Anita Jain: An interview

Finding your perfect match was never easy, was it? And it rings true even if you happen to be a Harvard-educated, globe-trotting, “fair and slim” scribe. Anita Jain, an Indian-American financial journalist, who has had a hard time looking for her Mr Right, bares it all in her book Marrying Anita: A Quest For Love in the New India. Published by Penguin Books, it was released in Mumbai on Tuesday.
Marrying Anita chronicles a modern woman’s singlehood and her (desperate?) search for a life partner. And that is the stuff chick lit is made of right? Wrong. As for Anita, while searching for a life partner was the imperative for the book, it was not the only imperative. “To me, a major imperative was to describe the rapidly changing urban landscape. I wanted to write about the new India. It was important to me. There is a middle class revolution in India and people from small towns are reaping the dividends of globalisation. A man I date comes from Gorakhpur. That is new India,” says the 35-year-old author, adding that she does not quite like chick lit.
“Mine is a memoir and an honest one at that. I wanted to make it provoking and
entertaining at the same time. If I had just one imperative, I would not have been able to make it entertaining,” Anita elaborates. The idea for the book started with an article Anita wrote for the New York Magazine, “Is arranged marriage really any worse than craigslist?”, in 2005. It was a “widely popular” piece. And the publishing community approached her to write the book.
“I decided to base it in India as the real story was unfolding here, with more than half the country under 30. By doing so, I knew I would be able to make it far more interesting than any story based in New York,” says Anita, who believes there is something “deeply, heart-wrenchingly wrong” with the Western dating system.
In New York, Anita was witness to the unlikely balance between free-for-all dating and arranged marriage. She had a first-hand experience of New York’s “vulturous culture of dating and its formidable argot” – JDate, bootycalls and f***buddies. Despite all this, she was “willing to wade into this morass to see what I could find”. To no avail. “For a decidedly unmystical society that seems to have the answer for everything else – the best medical care, cutting-edge technology, super highways and space shuttles – it seems odd that people are left to their own resources, casting around for another lonely soul, for what is arguably the best decision of their life,” she wondered.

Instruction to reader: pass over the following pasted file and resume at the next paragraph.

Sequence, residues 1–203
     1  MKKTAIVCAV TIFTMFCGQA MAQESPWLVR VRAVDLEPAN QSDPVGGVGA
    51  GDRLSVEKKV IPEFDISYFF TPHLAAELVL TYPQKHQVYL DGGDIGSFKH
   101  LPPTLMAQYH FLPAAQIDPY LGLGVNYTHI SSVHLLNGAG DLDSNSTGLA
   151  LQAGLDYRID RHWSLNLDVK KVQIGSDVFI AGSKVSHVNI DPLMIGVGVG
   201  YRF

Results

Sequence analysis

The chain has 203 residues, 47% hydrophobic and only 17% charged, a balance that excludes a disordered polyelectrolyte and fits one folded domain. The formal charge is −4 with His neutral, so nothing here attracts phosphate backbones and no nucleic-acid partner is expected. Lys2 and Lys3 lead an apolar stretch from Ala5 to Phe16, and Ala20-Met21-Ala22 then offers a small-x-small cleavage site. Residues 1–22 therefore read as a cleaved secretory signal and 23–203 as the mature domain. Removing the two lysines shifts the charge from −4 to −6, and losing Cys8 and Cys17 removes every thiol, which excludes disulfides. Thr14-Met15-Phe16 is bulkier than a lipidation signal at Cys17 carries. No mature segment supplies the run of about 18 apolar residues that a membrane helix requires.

And it was then that she decided to make a passage to India and search for her
significant someone. But this was preceded by the numerous, though fruitless, attempts of her parents to find a suitable boy for her. While she was in London and Singapore, she would agree to meetings with her “suitors” at her parents’ behest, who had put an ad in the matrimonial columns: “Match for a Jain girl. Harvard-educated journalist, fair, slim”. However, it was more out of a “desire to silence my parents than a hope that anything would come of them” as she found it “retrograde” to allow her parents to find someone for her while it had always been up to her who she dated.
Before her pilgrimage to India to find love, Anita was all praise for the “clarity of intent” of Indian men. “I don’t think I’m ready for a relationship right now” was a line she had never heard from an Indian man, or at least the ones whom she met on shaadi.com. Also, she was struck by India’s honesty. “In India, people are far more honest. That is one major difference between the US and India,” she holds.
When Anita moved to New Delhi in 2005 she was 32. It was at the same age that her
father had left India for a better future. “Our parallel journey forms a big part of the book,” says Anita. The India her father left behind was very bleak. It was mired in socialist imperative. There were almost no private companies. Everything was in the government sector. Jobs were few, opportunities sparse.
Anita comes back to the new India where private companies have proliferated. There are loads of opportunities for Indians who are integrating in the global economy. “These are two completely different scenarios. And I wanted to compare and juxtapose the two,” says Anita, who has found a sense of home, a sense of belonging in India and is planing to settle down “in Mumbai, if not in Delhi”.
Anita’s idea of a perfect partner is somebody who is on the same emotional, intellectual and sexual tangent as she is, somebody who has the same exposure to the world that she had.
“One of the criticisms of the book is that I don’t try very hard to get married,” she says. But that is not true as she has been looking. She has been looking all her life. And her honest and insouciant memoir only captures her romantic quests in excruciating detail. While staying in India (New Delhi) – “Everything is new here and it’s an exciting place to be” – Anita has found a sense of community which she also describes in the book. “I’ve found like-minded people who have spent some time abroad and also lived here. I am all for the idea of importing the West. India in the big city is westernised and modernised and I don’t have to hide the way I live,” says Anita.
As for marriage, it might be made in heaven, but it’s on the earth where it has to be ceremonised. And Anita is not asking for the moon.

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